Healthy, well-nourished mothers are more likely to raise healthy, well-nourished children. This is in part because women provide nutrition to their children during pregnancy and through breastfeeding. In fact, women’s bodies provide much of the nourishment for growing children during the crucial first 1,000 days of life, when the course of their physical and cognitive development is determined. Thus a mother’s net nutrition has large effects on her child’s early-life human capital accumulation and therefore on the child’s life chances.
Unfortunately, India, which is home to one fifth of the world’s births, has no monitoring system to track maternal nutrition indicators such as pre-pregnancy body mass and weight gain during pregnancy. Further, there is no monitoring system that records how many babies are born at low birth weights. However, evidence suggests that despite its economic progress, India has among the highest rates of low birth weight in the world. One way that we know that low birthweight is a big problem is that a large number of babies die in the first month of life. A national survey has shown that low birth weight is the leading cause of these deaths.
Poor maternal nutrition is a major cause of low birth weight. r.i.c.e. research on maternal nutrition using Demographic and Health Surveys find that a large proportion of women are underweight before they become pregnant and do not gain adequate weight during pregnancy.
Government programs are not doing enough to address poor maternal health
Janani Suraksha Yojana (JSY)
India’s largest program for improving neonatal health and preventing neonatal deaths does not focus on improving maternal nutrition, and improving birthweight but rather on encouraging women to give birth in hospitals. The JSY scheme has used cash incentives to increase the number of births in hospitals, but neonatal and maternal mortality have not improved as a result. A recent r.i.c.e. study found that the JSY cash transfer to new mothers is actually much less than the government advertises because much of it is used to pay for deliveries, which are supposed to be free. Like many other studies of the JSY program, this study also finds that women receive abysmal health care both before and during delivery, and are often mistreated at the hospital.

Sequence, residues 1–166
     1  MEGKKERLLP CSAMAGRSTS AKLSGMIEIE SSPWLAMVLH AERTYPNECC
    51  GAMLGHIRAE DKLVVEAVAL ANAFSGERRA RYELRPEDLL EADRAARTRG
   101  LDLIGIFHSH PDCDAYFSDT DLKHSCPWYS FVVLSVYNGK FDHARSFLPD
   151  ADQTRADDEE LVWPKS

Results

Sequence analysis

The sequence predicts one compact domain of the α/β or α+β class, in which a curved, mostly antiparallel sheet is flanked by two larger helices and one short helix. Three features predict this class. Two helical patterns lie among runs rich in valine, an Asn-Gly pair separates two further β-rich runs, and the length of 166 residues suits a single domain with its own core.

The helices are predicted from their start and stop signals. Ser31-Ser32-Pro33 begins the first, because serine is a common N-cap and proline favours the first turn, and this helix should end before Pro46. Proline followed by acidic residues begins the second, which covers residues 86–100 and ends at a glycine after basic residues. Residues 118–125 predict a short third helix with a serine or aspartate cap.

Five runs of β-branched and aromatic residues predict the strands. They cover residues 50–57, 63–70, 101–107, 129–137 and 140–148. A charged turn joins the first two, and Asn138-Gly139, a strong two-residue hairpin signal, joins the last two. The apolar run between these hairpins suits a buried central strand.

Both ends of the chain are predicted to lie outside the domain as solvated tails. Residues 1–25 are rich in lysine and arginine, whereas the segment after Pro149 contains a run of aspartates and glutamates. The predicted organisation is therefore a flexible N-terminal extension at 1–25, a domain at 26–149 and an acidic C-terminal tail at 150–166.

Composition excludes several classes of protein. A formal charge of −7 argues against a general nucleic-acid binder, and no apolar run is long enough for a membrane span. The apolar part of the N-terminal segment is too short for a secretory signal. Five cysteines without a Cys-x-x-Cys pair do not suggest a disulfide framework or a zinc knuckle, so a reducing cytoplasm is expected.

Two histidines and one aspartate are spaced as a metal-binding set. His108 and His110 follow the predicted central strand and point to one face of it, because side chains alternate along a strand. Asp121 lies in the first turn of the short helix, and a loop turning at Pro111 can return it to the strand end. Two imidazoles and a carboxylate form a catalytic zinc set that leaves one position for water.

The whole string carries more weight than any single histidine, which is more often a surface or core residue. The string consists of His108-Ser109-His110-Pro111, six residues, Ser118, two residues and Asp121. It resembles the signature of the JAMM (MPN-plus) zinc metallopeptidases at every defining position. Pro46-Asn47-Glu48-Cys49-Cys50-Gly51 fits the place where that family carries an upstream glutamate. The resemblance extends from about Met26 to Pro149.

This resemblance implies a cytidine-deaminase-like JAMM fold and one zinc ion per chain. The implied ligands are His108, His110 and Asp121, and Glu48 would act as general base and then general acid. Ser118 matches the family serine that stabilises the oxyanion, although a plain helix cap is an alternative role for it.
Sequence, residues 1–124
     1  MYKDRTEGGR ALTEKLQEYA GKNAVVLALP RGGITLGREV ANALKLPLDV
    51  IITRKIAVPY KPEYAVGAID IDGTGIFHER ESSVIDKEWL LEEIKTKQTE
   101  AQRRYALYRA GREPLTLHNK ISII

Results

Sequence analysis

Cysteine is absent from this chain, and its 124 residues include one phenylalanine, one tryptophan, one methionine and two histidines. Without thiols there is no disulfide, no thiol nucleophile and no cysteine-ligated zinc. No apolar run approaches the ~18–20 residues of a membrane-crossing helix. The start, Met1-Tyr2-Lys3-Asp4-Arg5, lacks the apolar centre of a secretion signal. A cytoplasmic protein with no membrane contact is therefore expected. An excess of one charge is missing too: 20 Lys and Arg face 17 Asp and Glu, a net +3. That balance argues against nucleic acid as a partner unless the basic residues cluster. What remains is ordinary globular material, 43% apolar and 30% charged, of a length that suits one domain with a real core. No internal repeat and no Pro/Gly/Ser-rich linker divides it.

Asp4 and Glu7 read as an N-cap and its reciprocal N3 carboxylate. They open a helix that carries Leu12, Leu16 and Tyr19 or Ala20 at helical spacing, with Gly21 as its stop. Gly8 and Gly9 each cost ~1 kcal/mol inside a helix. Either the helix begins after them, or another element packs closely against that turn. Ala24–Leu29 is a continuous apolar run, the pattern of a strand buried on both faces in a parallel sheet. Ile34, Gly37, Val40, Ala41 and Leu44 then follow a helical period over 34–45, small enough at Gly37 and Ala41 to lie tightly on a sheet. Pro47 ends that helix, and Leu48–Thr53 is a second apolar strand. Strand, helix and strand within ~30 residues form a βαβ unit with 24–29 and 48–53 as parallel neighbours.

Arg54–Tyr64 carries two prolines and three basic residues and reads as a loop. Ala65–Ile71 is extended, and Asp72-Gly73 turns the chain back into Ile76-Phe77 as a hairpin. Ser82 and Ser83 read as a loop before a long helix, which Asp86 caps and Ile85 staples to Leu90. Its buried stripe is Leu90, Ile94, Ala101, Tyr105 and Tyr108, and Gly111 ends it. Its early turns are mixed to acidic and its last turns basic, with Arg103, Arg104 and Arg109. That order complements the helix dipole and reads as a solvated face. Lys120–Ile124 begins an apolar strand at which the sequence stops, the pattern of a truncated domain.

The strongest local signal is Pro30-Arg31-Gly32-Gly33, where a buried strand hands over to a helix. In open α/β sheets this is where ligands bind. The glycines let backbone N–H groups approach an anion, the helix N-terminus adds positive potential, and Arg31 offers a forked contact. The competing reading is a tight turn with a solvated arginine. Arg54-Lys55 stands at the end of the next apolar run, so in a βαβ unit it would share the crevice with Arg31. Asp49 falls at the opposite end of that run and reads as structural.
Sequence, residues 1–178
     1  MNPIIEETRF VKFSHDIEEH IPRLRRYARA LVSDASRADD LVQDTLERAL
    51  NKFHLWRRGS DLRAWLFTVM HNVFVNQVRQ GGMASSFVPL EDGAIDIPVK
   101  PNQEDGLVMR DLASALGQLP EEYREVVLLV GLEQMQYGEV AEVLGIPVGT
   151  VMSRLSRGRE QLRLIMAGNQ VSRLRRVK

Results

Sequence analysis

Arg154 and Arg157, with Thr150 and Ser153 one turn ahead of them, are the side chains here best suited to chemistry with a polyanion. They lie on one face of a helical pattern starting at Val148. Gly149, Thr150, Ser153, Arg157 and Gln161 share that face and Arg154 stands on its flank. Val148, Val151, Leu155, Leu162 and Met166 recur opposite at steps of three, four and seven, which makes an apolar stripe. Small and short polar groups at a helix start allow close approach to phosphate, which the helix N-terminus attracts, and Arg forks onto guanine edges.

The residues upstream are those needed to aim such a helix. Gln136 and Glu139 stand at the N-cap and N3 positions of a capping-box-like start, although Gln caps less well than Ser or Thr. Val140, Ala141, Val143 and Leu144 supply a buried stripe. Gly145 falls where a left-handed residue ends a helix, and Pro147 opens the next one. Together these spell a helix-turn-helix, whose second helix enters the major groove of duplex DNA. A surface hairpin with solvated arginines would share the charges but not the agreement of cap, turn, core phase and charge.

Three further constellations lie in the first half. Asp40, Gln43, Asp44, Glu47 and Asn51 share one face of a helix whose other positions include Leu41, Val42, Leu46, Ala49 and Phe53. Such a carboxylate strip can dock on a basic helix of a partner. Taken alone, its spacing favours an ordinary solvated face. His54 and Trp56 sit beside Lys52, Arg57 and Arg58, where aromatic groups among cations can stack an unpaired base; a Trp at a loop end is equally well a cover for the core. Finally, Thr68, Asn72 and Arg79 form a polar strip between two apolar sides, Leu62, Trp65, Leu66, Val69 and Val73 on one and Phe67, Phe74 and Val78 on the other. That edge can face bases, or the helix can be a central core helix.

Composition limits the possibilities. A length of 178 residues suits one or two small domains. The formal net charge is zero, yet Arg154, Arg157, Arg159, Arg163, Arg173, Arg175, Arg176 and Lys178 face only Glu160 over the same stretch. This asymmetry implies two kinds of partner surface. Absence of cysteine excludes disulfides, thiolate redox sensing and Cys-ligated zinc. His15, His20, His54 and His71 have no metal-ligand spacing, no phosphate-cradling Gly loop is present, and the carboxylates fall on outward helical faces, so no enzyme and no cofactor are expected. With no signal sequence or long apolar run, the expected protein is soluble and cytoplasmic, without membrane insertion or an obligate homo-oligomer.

Integrated Child Development Services (ICDS)
The ICDS is a program that is intended to give food to pregnant women and young children. However, the program is very poorly implemented, especially in the states with the most undernourished women. Thus, it has done little to improve maternal nutrition. Less than 30% of women received any food supplements from the government’s ICDS program during their last pregnancy, despite the fact that ICDS is intended to be universal.
Pradhan Mantri Matru Vandana Yojana (PMMVY)
The PMMVY is a conditional cash transfer to pregnant women and new mothers that is being rolled out by the government. The program was designed in response to the 2013 National Food Security Act (NFSA), which legislated a maternity entitlement of not less than 6,000 rupees to pregnant and lactating mothers. Despite the NFSA’s mandate that the maternity entitlement be given for each pregnancy, program guidelines limit the transfer to a woman’s first birth. The program should be expanded to cover all births rather than just the first, and funds should be given early in pregnancy so that they can be used to promote nutrition during pregnancy. The government should also educate families about the importance of weight gain and encourage them to use the funds to invest in the pregnancy.
What is r.i.c.e. doing now?
r.i.c.e. is advocating for PMMVY to be designed and implemented in a way that promotes maternal nutrition. We also advocate for better monitoring of maternal and infant health, and are analyzing newly released data from the NFHS-4 to better understand changes in maternal and infant health in India in the last decade.